Keep in mind that the military makes assignments based on the needs of the specific branch of service, and not always based on the servicemember’s preference. Joint-assignments are not always possible.

If you find yourself separated from your family due to military orders (dual-military couple or not), then you find yourself being eligible for Family Separation Pay.

In order to receive Family Separation Pay as a dual military couple, the following criteria must be met:

  • You must be separated from your family for more than 30 days due to your military orders (this includes Temporary Duty Assignments)
  • You must have been cohabiting prior to your assignment beginning
  • Only the highest-ranking individual will receive the benefit (both members in a dual military couple are not eligible for the same benefit)

Child Care Considerations

Child care is one of the most pressing concerns for military families. This is even more of an issue when both parents are active duty servicemembers. Long work hours, separated from extended family, and deployments can make it incredibly challenging to play an active role in a child’s parenting.

Each servicemember has to set up a family care plan with their branch of service and keep it up-to-date. Since the military lifestyle often requires child care on short notice, it’s essential to plan as much as possible.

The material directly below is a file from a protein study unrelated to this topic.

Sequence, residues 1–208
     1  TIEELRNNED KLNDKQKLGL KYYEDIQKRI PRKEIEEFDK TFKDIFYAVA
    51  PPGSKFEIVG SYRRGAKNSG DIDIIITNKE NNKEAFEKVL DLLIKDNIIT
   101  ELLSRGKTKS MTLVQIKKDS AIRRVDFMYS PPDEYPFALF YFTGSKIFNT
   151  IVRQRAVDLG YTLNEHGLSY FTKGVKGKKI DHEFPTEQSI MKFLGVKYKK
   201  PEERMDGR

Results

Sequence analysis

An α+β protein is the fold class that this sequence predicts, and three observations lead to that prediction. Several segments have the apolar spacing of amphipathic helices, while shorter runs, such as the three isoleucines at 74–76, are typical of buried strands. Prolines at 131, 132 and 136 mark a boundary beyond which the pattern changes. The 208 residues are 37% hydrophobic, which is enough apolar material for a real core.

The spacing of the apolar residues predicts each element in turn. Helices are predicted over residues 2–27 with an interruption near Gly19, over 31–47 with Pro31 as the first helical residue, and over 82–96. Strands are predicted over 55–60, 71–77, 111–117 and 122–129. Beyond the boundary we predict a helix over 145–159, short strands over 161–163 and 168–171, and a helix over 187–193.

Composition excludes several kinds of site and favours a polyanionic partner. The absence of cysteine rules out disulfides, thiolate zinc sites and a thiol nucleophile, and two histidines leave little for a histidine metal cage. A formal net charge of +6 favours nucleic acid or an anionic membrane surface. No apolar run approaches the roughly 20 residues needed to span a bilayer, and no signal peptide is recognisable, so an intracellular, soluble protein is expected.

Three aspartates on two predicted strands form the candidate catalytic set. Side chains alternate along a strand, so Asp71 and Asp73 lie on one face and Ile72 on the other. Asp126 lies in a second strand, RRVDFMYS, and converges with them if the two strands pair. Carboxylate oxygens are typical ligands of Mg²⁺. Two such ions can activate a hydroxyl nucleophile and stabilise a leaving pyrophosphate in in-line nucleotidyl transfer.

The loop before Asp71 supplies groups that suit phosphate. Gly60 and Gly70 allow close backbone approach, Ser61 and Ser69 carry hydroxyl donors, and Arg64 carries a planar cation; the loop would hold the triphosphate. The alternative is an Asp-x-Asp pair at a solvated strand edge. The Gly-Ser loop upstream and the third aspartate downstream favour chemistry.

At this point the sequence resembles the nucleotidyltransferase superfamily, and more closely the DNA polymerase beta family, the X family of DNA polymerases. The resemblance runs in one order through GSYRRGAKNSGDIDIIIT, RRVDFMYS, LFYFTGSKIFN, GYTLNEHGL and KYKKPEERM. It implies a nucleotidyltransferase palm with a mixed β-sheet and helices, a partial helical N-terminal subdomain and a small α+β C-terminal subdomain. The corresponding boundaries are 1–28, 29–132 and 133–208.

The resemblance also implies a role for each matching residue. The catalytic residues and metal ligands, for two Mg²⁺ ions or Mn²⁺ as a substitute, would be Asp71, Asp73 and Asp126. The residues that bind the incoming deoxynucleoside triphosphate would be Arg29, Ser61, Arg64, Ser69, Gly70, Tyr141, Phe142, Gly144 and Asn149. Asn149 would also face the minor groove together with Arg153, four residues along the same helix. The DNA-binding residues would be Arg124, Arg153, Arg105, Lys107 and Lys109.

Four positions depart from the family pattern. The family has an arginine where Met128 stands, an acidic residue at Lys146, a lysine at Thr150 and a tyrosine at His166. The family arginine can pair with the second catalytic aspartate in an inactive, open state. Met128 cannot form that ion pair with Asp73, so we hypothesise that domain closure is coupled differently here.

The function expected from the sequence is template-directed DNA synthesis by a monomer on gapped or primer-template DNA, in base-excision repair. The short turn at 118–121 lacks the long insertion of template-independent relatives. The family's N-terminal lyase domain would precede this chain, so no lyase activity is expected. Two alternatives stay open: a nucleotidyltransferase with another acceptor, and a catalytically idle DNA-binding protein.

Dual military couples are generally favored for enrollment in DoD child development centers (CDC), so explore those options at your local installation. And although many dual-military couples don’t feel like “spouse clubs” are intended to serve them, this is not true. And it is important to establish points of contact within your units’ Family Readiness Group, Family Key Group, or Family Readiness Program.

Learn more about military child care options, and military child care fee assistance programs.

Being Proactive Is a Key to Success to Dual Military Marriages

Achieving personal and professional goals for dual military couples is much the same for non-dual military couples. To improve the chances of achieving these goals, try to look for joint assignments, have realistic contingency plans in place, and reach out for support when needed. For those who are struggling to make their military marriage work for them, Military OneSource offers free, confidential, non-medical counseling or reach out to your military and family life counselors.

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  1. Yazmine Lopez says

    Do you know the regulation stating both service members recieve single bah without the dependent rate when there are no dependents involved?